I checked my iPod when I was getting my water bottle together and it showed 3/4 of battery life.  Cool.  When I got to the Greenway and put on said iPod, it was completely out of juice.  Doh!  Hmm...this was not to the plan.  I really, really, really prefer to run with music (or a friend), so I decided to just throw all I know about racing dress rehearsals out the window and strapped my giant Android phone to my arm using my iPod wrist band.  If it started to slip, I could always tuck it in my sweaty sports bra or ughhhhhhhhhh, hold it.  I took my chances and strapped that bad boy in tight.

And off she ran.

I felt light on my feet and had to consciously slow myself down the first few miles so that the last few wouldn't hurt.  When I passed the first mile marker, I saw 7:43 flash as my first lap.  Oopsy.  So I dialed back my speed and decided to look again at the 1.5 mark.  Still too fast.  I slowed waaaaaay down.  Mile 2: 7:56.  I can't decide whether to be annoyed with myself for running too fast (which could be regretful on mile 10) or elated that what felt slowish was actually fast. 

Miles 3 and 4 I tried to keep that same weird cadence.  7:56 and 7:44.  I stopped and took a picture after mile 4 so I plowed through mile 5 with my 30 second break.  7:39.  After that, I said to hell with trying to even come close to the planned 8:15 pace.  I am just going to run like the giddy goober that I am.  I took a couple of more pictures on the way back and that just added fuel to the fire.  7:41 for mile 6, 7:34, 7:30, 7:25, and for that last mile, a sweet lil' 7:07.

I am trying to not feel super confident going into the race with these splits because of 2 reasons.  1) Who starts 'training' 13 days before a race and expects it to be awesome? 2) The hills, the hills, the hills that I haven't been running on.  If anything will cause me to crash and burn on race day, it will be the hills.  So best not to get too big for my britches.  I will just try to enjoy the race for the first 10 miles and then see what sort of 5K speed I can lay down.  If there is no gas in the tank, no worries--this is not a race for great expectations and I'm okay with that. 

Because I never bring my phone/camera with me on a run, I decided to snap a few pictures of where I spend a few hours of my week.  As I finished my run, I decided that having my giant phone strapped to my arm actually was pretty awesome...

Friday, November 9, 2012

Peer pressured: I am now racing in 13 days!!

Sometimes the non-plan is the best plan.  Or at least that is what I am going to tell myself in 13 days anyway.  With a little bit of peer pressure from Flying Tomato, I have entered myself into the Atlanta Thanksgiving Half.

I have run countless half-marathons by myself and 4 full marathons with others, but this will be my first 'racing' half-marathon.  I have a personal PR, but since this will be 'official', I have will have my first official PR for this distance.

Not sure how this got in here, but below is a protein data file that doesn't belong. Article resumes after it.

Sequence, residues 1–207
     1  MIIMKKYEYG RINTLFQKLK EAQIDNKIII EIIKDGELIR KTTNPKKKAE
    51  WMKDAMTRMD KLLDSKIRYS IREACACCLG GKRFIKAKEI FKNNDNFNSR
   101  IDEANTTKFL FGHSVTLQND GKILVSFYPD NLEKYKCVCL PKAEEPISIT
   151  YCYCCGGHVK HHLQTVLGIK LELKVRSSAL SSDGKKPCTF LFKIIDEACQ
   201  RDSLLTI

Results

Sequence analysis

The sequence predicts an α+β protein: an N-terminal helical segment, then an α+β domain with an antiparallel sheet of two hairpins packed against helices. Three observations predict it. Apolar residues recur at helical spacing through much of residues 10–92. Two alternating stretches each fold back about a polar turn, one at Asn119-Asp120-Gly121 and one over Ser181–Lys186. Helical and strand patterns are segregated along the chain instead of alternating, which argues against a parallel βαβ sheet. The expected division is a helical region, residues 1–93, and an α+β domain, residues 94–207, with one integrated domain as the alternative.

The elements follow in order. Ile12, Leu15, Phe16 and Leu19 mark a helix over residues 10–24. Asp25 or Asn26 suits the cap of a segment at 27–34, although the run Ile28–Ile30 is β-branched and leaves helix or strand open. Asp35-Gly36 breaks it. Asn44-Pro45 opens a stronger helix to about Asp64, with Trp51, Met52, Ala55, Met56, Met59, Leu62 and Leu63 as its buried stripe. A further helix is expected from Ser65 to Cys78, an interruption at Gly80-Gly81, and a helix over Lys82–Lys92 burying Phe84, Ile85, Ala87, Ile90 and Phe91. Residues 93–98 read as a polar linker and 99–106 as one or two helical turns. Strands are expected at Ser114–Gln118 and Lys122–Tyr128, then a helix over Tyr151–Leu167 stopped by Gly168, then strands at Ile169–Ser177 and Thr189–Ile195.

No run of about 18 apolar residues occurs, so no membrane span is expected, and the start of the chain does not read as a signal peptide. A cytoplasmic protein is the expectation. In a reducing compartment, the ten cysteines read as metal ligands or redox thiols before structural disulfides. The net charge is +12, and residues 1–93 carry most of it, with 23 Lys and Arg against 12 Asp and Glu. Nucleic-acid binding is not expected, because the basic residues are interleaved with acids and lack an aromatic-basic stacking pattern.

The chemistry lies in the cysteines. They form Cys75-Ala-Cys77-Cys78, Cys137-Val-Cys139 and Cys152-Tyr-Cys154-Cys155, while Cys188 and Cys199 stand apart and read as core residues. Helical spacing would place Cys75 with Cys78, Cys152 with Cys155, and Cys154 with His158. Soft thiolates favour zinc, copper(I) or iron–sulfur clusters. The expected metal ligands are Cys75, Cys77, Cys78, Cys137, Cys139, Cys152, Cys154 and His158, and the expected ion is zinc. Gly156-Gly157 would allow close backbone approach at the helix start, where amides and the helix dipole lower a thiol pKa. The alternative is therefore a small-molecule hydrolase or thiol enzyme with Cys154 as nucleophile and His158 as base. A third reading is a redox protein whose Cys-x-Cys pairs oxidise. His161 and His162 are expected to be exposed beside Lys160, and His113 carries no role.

I'm not sweating making it to the finish line, but I know that I will not be racing my best given that I decided to do this so close to race day.  I have been training on exactly 0 hills lately so it could be a brutal morning.  But, whatevs, I just hope to have a fun time racing with my favorite running buddy.

We finally got to see each other after months of trying to get a free Thursday morning that worked for both of us.  I definitely needed an uplift in my running and I think it was good for him too after the NYC disappointment.  Getting excited about a race is something I apparently needed (more on that in a sec).  We had no pace goals or distance goals, we just chatted and ran and I pulled the plug at the 3 mile turnaround mark when I grew tired of slip-sliding on the icy Greenway.  It felt so great to run and talk--I was immediately refreshed by the whole experience.

I had been receiving emails from the Atlanta Half and contemplated running.  But I wasn't sure about my work schedule and how busy I would be this time of year in the world of retail.  I kind of forgot that normal retailers pick up a little bit, but that it isn't crazy busy like it was the week of Thanksgiving at Williams-Sonoma.  It occurred to me that I wouldn't be dreadfully exhausted come race day.  Just regular tired.  So when Tomato started trying to convince me to sign up, it took only a few hours to decide that this would be a good thing.

I told myself today that I would go for a run and if I felt really bad, I would give myself the okay not to sign up.  But good God, it was A-W-E-S-O-M-E!!!! I felt absolutely, ridiculously high on running.  A perfect fall day of crisp air and bright blue skies and my turnover was fast and powerful.  I felt so strong.  If I could bottle this feeling.... wow!  My first mile was in 7:24 and I kept cranking out a ferocious tempo pace after that.  5 miles at a 7:25 pace, yes please.  Needless to say, the endorphins took me straight to the half-marathon website when I got home....